Dealing with Negligence and Poor Performance in the Workplace

Dealing with Negligence and Poor Performance in the Workplace

Business, Human Resources

HR Issues – Dealing with Negligence and Poor Performance in the Workplace

Employers often find themselves frustrated by employees who commit brazen acts of negligence or willfully offer below par services, mistakenly believing that if they skate along they will be able to sidestep a dismissal.  The work performance issues are sometimes not enough to warrant focused attention, but when analysed are causing harm to the employer by requiring an undue amount of time and attention being spent on managing these employees.

It is important to understand the different type of dismissals and how they can be defined to avoid complications in interpretation once challenged.  Negligence on the part of the employee is a fault-based dismissal and can be classified as misconduct; while poor work performance can be fault-based or non-fault-based pushing the behaviour into the categories of either misconduct or attributed to the incapacity of the employee.  Ensuring that the employer knows the difference and how they relate to the circumstances can be challenging and must follow the correct course according to the Labour Relations Act.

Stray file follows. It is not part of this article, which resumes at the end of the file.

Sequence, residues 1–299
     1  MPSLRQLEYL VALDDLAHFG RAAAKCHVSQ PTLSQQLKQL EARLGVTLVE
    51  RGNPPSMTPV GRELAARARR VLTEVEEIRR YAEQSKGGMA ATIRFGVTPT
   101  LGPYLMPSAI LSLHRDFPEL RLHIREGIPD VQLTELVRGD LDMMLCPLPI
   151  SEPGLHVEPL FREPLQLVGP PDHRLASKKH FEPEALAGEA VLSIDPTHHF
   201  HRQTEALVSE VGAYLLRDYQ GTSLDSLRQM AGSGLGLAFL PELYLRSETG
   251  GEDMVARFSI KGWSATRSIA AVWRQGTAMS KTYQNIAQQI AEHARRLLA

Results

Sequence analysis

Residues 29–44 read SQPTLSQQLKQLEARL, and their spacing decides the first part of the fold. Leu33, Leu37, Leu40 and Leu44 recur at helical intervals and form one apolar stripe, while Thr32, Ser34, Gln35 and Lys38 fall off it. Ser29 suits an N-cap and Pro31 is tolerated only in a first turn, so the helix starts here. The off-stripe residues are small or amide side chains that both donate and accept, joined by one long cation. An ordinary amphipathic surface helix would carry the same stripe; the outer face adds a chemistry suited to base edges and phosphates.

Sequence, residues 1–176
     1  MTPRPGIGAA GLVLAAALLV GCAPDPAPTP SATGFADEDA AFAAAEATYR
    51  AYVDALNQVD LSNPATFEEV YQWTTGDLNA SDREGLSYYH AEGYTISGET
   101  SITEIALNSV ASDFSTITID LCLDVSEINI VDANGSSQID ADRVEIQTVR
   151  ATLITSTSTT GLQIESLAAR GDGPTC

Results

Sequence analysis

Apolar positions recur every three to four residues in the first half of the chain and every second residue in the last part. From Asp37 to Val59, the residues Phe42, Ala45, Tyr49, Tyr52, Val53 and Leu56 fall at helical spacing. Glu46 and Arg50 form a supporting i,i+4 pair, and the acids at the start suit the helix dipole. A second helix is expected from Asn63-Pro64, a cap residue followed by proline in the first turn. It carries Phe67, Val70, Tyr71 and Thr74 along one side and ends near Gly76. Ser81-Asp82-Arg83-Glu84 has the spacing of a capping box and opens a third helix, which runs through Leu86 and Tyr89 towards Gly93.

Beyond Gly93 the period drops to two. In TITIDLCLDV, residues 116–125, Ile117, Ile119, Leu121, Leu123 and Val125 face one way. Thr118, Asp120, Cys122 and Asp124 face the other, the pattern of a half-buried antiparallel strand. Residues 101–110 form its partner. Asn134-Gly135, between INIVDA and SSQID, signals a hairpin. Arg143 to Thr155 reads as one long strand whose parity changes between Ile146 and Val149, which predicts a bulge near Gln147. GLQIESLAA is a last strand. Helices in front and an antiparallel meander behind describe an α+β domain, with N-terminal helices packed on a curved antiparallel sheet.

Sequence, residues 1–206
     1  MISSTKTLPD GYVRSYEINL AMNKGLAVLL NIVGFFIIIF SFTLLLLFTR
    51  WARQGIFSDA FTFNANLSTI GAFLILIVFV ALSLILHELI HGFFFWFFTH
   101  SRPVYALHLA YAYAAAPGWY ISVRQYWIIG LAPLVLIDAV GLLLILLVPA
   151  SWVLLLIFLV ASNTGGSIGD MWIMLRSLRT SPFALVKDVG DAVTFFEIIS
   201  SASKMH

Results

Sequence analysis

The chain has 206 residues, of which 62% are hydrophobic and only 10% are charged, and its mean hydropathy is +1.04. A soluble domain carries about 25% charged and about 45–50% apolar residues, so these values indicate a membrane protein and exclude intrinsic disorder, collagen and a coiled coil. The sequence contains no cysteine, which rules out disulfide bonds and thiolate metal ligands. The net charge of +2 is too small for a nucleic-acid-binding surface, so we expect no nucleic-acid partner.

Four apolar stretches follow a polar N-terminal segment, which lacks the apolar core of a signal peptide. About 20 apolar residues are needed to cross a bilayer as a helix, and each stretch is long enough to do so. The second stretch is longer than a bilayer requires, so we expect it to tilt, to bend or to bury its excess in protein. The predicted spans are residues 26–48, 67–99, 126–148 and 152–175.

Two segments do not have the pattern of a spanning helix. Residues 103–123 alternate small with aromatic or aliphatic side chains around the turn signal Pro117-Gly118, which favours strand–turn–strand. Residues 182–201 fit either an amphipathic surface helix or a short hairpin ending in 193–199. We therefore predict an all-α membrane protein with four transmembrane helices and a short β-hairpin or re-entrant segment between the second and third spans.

Poor Work Performance:


Where an action of an employee is deemed to be avoidable and the employee has failed to exercise reasonable care, this will be construed to be misconduct. Disciplinary actions would be followed in line with the disciplinary code as set out by the employer. The employee will be held accountable where it can be proven that the employee had the capacity to conform to the performance requirement and was able to avoid the potential poor work performance by undertaking their tasks or role to expectation, in other words they can then subsequently be blamed for the resulting poor performance and are responsible for the outcome.